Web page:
Jodi-Ann Gilpin, Sunday Gleaner Writer
"I'll be home for Christmas." That was the mantra of two Jamaican fishermen while they drifted at sea for days without any idea of how they would get back to friends and family in St Thomas.
But, yesterday, they were indeed back home just in time to spend Christmas with their families and friends, many of whom believed they had died at sea.
Flocked by these families and friends as they arrived at the Norman Manley International Airport yesterday afternoon, 54-year-old Everton Gregory and his 58-year-old colleague, John Sobah were overjoyed.
"I just want to go kill mi goat and eat him right now. It was rough, but it's good to be back with my family," said Sobah.
Gregory couldn't stop smiling as he told The Sunday Gleaner how happy he was to be home.
"A pure niceness. I'm looking forward to the Christmas. Feeling so good right now; happy to be back," said Gregory.
Patricia Williamson, a good friend of Gregory, said the entire community of Lyssons in St Thomas was looking forward to his arrival.
"The whole community was under stress and dem waiting on him right now; can't wait to go give him his nice beef soup," said Williamson.
The two men had embarked on a one-day trip to sea which became an almost month-long ordeal.
The two fishermen from the Food For The Poor fishing village in Lyssons left for sea on November 24 in a 28-foot fishing boat, with their tackle and just enough food and water for a few days.
When the time came to head back, the boat's motor failed.
After a day, when the men did not return and efforts to contact them by radio failed, Food For The Poor sent out a search team that included a chartered plane and scanned the waters near Jamaica.
When days turned into weeks and efforts by the search party failed to find them, family and friends started to fear they were forever lost at sea.
The boat drifted for more than 20 days and more than 500 miles with the two men reporting that they survived by eating dried fish and sipping melted ice from their cooler.
Felt like giving up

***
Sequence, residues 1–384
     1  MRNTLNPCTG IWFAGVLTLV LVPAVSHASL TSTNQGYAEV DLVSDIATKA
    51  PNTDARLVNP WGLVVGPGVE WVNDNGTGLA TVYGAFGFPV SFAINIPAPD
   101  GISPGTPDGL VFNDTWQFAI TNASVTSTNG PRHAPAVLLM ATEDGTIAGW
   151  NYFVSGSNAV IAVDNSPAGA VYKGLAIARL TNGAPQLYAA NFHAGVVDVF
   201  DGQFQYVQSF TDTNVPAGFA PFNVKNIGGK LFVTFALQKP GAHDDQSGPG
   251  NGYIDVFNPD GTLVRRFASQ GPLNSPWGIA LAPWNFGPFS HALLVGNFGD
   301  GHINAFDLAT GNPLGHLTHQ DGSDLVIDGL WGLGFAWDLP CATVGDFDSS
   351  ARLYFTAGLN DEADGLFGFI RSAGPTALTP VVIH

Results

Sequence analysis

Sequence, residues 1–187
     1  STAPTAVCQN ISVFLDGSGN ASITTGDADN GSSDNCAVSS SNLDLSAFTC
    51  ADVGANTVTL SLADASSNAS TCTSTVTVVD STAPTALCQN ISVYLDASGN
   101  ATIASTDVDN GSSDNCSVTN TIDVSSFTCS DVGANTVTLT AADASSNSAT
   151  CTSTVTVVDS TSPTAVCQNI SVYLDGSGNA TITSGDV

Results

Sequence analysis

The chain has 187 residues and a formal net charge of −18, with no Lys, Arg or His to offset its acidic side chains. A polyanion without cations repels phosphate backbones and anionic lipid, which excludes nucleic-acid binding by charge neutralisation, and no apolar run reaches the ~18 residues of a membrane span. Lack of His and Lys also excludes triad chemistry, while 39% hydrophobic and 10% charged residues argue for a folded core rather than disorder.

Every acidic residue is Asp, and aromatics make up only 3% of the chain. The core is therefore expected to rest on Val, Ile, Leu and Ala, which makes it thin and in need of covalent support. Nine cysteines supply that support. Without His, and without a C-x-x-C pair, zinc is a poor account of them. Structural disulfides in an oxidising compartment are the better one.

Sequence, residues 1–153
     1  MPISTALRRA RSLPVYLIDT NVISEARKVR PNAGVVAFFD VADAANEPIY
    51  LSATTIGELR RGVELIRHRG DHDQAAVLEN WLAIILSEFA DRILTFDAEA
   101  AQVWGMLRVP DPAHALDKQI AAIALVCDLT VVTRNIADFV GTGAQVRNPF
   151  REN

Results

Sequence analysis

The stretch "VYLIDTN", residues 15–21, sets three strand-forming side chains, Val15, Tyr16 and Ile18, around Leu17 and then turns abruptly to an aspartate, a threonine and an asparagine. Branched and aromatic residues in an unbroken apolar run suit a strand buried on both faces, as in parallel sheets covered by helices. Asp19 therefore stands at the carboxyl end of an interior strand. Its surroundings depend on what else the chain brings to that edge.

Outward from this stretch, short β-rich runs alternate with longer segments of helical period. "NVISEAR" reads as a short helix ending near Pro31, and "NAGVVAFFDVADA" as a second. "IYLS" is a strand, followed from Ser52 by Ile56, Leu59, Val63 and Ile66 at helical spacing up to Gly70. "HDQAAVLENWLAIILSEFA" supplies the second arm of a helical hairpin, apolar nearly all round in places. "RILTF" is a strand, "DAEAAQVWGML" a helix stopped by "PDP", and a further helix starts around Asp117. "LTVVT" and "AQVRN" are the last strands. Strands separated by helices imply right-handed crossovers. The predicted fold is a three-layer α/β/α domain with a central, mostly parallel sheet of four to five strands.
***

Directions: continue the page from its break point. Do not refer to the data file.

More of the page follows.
Gregory explained that he felt like giving up at times; however, he remained strong.
"Mi did feel like give up at the last part because it did get really rough, but we just dry the fish dem and eat dem and keep strong," said Gregory.
"The sea was so rough; I don't eat for eight days; I thought I was going to die. I really don't know how I manage, but mi just glad mi reach," said Sobah.
Before they were finally rescued by the crew of a Colombian naval ship off the island of Quitasueño near San Andrés - one of the Colombian islands in the Caribbean Sea - they went six days without water.
The two Jamaicans were taken to San Andrés where they received food and medical treatment.
The matter was reported to the Jamaican Embassy in Bogotá, Colombia, where the paperwork was processed for the fishermen to return to Jamaica.
The fishing boat was towed to Providencia, which is one of several islands in Colombia's chain of Caribbean islands.
Last week, Food For The Poor completed plans for the men to be flown back home via Panama.
Asked if they would go back to sea, Sobah responded with a resounding "NO!"
"I don't see myself going back at all, I give all my things to some of my other friends. The experience was terrible; this is it," he said.
Gregory, however, said he will not be giving up the sea because it is his livelihood.
""No man, mi caa give up man; is my job. A so mi eat. Just have to hope for the best next time," declared Gregory.